Most people want to feed the homeless out of the true kindness of their hearts. They would never do anything to hurt someone else. You will probably start by taking food off your own shelves and from your own refrigerator. Maybe some of your friends will offer food and, since they’re friends you’ll probably take it and be glad to get it. Your volunteers may have connections with bakeries, delis, grocery stores, etc. The thought of taking something delicious, filling and wonderful to your homeless friends can cloud your judgment.
When you reach the point where you can shop at a food bank they will probably require you to take a “Safe Food Handling” class. Believe me, after you attend this class your days of taking food from unknown sources will be over if you have any common sense at all. Even if your compassion gene doesn’t kick in, because you don’t want anyone getting sick on your watch, your reluctance to get sued surely will.
Be very, very careful with any food you haven’t personally shopped for or prepared yourself if it is perishable. Hot food has to stay hot and cold food has to stay cold. If they don’t stay within required temperature ranges, botulism and other nasty things can occur. Remember, your clients don’t have the medical, financial and transportation resources you do. A trip to the doctor is not a simple thing for them.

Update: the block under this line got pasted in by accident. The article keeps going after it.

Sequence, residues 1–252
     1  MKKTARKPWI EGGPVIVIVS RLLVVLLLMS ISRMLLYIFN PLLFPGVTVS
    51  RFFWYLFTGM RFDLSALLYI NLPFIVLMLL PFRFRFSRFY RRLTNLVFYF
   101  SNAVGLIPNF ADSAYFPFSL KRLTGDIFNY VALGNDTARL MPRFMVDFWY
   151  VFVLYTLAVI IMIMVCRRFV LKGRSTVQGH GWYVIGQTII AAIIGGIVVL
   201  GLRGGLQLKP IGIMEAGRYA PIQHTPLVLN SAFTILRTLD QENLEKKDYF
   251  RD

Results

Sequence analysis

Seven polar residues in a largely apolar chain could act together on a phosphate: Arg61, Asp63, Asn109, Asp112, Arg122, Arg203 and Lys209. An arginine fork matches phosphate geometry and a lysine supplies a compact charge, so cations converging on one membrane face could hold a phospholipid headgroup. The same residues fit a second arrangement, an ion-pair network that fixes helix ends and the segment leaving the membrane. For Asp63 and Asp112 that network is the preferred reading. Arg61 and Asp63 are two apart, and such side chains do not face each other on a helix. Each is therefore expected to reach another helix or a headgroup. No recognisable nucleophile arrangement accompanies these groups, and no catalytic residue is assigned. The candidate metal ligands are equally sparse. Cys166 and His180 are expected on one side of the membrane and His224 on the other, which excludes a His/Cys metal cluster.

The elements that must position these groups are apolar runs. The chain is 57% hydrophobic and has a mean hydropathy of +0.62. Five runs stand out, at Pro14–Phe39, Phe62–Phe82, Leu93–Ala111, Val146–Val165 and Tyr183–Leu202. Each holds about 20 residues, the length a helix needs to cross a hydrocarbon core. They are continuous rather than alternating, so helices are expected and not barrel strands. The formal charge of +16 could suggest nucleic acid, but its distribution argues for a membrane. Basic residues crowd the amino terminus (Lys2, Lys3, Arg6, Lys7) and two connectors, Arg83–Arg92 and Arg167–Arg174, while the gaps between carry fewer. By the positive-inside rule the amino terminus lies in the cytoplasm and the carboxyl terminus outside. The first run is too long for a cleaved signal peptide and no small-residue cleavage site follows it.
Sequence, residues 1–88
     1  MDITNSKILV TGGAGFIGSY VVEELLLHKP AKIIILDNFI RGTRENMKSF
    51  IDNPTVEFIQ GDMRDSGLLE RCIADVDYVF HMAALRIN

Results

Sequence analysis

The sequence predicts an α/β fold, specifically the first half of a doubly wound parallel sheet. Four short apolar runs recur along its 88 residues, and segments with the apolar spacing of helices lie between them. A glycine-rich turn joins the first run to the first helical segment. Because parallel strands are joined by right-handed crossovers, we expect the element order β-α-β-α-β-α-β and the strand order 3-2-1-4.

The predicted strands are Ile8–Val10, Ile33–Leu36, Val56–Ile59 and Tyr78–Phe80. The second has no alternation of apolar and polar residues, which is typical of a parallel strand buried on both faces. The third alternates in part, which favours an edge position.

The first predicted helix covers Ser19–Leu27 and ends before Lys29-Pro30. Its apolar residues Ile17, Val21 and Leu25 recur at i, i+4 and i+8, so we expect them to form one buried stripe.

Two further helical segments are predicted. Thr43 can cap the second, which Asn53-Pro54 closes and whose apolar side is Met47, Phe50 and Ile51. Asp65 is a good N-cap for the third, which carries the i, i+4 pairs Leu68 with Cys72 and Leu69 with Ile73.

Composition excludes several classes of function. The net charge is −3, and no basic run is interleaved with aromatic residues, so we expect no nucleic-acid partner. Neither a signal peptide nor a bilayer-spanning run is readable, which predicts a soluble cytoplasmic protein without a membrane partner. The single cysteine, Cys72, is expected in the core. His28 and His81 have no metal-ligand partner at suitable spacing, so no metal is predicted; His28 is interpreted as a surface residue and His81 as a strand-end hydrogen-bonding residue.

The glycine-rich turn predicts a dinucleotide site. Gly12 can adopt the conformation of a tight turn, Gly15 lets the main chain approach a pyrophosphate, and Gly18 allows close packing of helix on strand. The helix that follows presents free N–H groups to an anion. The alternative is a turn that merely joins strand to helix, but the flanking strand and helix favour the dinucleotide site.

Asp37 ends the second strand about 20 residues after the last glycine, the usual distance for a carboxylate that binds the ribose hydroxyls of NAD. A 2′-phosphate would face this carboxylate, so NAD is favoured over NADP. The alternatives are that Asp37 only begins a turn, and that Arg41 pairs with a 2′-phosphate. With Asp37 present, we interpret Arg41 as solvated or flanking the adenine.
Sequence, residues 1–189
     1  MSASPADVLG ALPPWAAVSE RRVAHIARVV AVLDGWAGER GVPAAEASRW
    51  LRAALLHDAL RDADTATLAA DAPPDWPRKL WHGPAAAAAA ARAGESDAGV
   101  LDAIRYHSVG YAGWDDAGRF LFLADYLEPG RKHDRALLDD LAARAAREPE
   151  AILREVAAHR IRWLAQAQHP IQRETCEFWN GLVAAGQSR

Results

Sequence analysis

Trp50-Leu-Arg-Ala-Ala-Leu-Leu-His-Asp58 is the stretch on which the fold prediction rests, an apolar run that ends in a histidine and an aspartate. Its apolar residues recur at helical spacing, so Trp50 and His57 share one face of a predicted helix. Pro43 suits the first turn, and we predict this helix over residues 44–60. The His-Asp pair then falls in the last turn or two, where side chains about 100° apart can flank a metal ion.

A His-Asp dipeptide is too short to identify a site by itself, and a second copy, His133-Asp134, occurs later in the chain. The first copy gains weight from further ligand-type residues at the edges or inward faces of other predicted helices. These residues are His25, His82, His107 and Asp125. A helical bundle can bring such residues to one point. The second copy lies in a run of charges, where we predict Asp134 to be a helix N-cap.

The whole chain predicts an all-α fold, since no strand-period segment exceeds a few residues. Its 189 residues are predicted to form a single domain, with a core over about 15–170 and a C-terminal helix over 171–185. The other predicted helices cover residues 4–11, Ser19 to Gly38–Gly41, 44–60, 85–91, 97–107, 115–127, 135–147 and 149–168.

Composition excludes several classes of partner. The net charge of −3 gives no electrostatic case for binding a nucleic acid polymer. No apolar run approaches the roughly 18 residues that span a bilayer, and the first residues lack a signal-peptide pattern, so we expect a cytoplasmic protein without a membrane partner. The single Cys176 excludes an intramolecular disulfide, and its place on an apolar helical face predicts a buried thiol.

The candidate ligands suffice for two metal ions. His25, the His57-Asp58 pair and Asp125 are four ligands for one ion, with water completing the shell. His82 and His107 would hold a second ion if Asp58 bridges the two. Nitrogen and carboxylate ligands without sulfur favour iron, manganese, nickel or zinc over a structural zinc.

As well-meaning as potential food donors may be, this is where you need to be the “leader” and be prepared to disappoint people by saying, “No!” because even the most well-meaning people can have the attitude, “It’s good enough for the homeless”.
It’s your job to keep your clients safe and if it means offending a friend or unknown donor source, then you have to. Explain your position, don’t apologize. If the friend/donor doesn’t agree or understand, you may have dodged a more lethal bullet than you know.
Non-perishable food items such as boxed or canned goods are a bit safer to accept, but always check the expiration dates and check with your local food bank for the procedures they use to determine when something is truly past being distributed.
If the item in question is for a baby or toddler, throw it away if it’s a day past the expiration date. Do not take chances with someone’s precious child. You’ll never forgive yourself if something happens.